This is where
the women live: look at this village, spread out at the foot of this
sculpted mountain. As the smoke rises slowly to the rooftops as night falls,
so is the presence of women. A
stranger is easily deceived because all he sees is the men. They
are everywhere; they direct the business of the state, they lead the
mosques and the churches, they are the teachers and the nurses.
But listen carefully and you will hear the
rhythmic stirring of a woman sweeping the courtyard as the dawn
approaches. The morning passes to the sounds of greetings
addressed to neighbours who pass in the streets. A little later,
we find her in the village market where the women are selling
vegetables and buying what is needed for the daily meal. The
afternoons resound with persistent loud thumps as she grinds the grain or the
sudden burst of laughter as she sits to chat with friends while shelling
peanuts. With perfect balance, she climbs and descends roads and
pathways, with a heavy load on her head or a yoke across her
The woman is the one who nourishes in this
hard land. In the rainy season she works in the fields and grows
peanuts, sesame seeds and millet from this hard Sahelian soil.
Every day she finds, buys, prepares and serves the food which supports
her family. She sits next to the fire and stirs the boule, cooks
the sauce, prepares the porridge...
Most of the time, the Chadian woman is
carrying a child,
either in her womb, or on her breast, or on her back. She takes
care of her child and knows how fragile he or she is. Unless she is
extraordinarily lucky, she will know what it is to have one of her
The man is always the "head" of the
family. He often goes into town to work, or to look for
work. Or else he leaves to fight in a war. Or he is
dead. There are many widows in this place where war and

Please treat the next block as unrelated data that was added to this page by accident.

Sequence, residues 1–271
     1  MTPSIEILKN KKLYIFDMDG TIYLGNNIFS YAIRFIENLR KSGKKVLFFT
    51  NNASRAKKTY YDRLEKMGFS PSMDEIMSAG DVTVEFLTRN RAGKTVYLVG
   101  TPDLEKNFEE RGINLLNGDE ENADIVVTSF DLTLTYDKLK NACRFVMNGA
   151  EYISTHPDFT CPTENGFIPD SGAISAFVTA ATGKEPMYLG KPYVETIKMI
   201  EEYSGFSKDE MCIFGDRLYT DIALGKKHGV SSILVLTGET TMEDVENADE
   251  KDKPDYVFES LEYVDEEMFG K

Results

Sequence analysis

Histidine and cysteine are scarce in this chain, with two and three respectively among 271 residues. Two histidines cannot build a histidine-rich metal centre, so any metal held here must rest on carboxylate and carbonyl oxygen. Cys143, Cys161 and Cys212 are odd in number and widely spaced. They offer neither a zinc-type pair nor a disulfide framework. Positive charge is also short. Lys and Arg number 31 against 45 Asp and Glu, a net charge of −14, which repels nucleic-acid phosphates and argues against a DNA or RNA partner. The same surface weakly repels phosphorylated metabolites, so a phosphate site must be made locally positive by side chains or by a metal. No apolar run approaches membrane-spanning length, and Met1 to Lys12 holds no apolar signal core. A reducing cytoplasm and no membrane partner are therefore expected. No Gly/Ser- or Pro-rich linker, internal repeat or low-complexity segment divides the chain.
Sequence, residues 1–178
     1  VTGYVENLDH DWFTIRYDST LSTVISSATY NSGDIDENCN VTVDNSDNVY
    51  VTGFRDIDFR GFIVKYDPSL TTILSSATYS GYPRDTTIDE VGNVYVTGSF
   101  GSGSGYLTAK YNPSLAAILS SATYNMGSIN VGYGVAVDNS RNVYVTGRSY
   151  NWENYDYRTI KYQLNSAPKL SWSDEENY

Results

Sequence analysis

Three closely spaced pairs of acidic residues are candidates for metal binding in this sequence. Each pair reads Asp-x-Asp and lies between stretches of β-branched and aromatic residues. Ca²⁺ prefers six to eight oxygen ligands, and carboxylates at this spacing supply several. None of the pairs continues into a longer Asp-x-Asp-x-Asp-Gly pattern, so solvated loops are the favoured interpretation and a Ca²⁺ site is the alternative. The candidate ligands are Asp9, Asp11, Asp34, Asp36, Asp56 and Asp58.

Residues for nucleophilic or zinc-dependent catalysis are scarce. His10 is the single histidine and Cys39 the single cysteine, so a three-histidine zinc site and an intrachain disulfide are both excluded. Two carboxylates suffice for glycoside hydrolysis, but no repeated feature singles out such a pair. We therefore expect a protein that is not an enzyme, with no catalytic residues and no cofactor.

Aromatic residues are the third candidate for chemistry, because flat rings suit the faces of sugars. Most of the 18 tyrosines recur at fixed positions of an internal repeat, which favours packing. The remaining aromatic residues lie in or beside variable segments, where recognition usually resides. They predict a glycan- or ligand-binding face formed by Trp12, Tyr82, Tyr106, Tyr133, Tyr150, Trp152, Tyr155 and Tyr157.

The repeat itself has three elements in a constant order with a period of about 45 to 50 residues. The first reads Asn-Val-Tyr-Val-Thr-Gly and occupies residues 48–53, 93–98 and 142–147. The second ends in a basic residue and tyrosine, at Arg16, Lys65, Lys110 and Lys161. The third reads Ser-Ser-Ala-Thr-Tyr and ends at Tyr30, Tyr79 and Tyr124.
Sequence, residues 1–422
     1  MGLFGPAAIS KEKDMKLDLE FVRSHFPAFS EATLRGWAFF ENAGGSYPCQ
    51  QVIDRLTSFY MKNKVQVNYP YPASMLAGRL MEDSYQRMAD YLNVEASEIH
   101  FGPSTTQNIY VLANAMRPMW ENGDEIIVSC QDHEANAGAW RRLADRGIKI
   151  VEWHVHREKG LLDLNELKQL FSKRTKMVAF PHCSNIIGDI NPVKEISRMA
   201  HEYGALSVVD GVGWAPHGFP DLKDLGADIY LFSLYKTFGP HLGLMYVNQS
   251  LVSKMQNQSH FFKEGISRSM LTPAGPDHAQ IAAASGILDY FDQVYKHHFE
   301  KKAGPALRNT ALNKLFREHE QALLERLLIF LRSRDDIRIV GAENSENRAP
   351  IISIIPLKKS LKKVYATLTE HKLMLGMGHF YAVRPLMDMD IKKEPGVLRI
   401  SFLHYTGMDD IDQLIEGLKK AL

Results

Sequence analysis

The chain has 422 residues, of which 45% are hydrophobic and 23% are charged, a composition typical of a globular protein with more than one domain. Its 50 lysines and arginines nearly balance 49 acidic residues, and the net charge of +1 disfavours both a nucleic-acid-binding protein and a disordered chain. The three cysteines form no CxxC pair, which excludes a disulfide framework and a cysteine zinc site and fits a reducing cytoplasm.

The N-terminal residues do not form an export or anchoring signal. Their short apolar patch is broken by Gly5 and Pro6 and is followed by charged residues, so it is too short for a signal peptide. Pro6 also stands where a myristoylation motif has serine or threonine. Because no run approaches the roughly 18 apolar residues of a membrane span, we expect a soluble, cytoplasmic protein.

rebellion have been a normal part of life for generations. In
this way also, a woman bears a heavy load.
But it must be remembered that she can
sometimes be lazy and irresponsible. There is no such thing as a
stereotype of the "Third World Woman." In reality, she
is a survivor. And here, the difficult struggle for survival
takes place daily.
She knows her place, but all life here involves the women. When there is a celebration, she is
there to laugh and sing. When a baby is born, when someone is
sick, when death comes suddenly or slowly, the women are there to
prepare food, to help in any way they can, to sit and spend long hours. Her place
is lived out.
Look again under the
gently rising to the rooftops, and you will find that it is here that
the women live...
To give you
a perspective of what life is like for the women of Chad, we present
several personal testimonies of Chadian women from the Guéra, taken
from the book "Là où habitent les femmes" (Where the Women
Live), edited by
Renée Johns and Rachel Bokoro of the Mennonite Central Committee,
Sit down for a while on the straw
mat before you, to listen to the testimonies of these women:
Esther Zeite : Guezione's sister accuses her of being the
reason why rain has not fallen for many days. Is she guilty,
: Even though the family of Godio's husband worships the idol
Menéce, he does not protect them from sickness. Where will
they find their health again?
Rachiste : After having several stillborn children,
Birdjoki gives birth to a boy who becomes blind. Does the
curse of God rest upon her?
Hassan : Achta is married to a man who tells her that he
has not yet found a woman who pleases him. Will she accept
to let him take a second wife?
Joba : Joba
gives us an overview of what it is to live in a cattle raising
family in Chad.
Kangarde : Ruth is an educated woman living in the
Guéra. What contribution can she offer to the neighbouring
Baba Manout : Fatima has experienced a lot of suffering in
life, having lost her three husbands and five children.
: Having just given birth to her first child, the house where
she lives catches fire as a result of an armed attack during the
rebellion. While trying to escape, gets a bullet in the
shoulder blade which comes out of her stomach.
: Touched by leprosy while living in Sudan, it is she who
sends her husband away. Why does she do this?
: Tamar clearly answers the question, "Is life in
N'Djaména better than life in the village?"
Choukou : Student at the University of Yaoundé in Cameroon, Koubra a
has a very important message for all her Chadian sisters, not to
Nadjina: (born November, 16, 1976) is a Chadian
sprinter. Her specialities are the 200 and 400 metres.
In addition, CEFOD has just published a
book in French entitled Entre cuisine et maternité : La Femme Tchadienne
(Between the Kitchen and Maternity: The Chadian Woman). To
learn more, click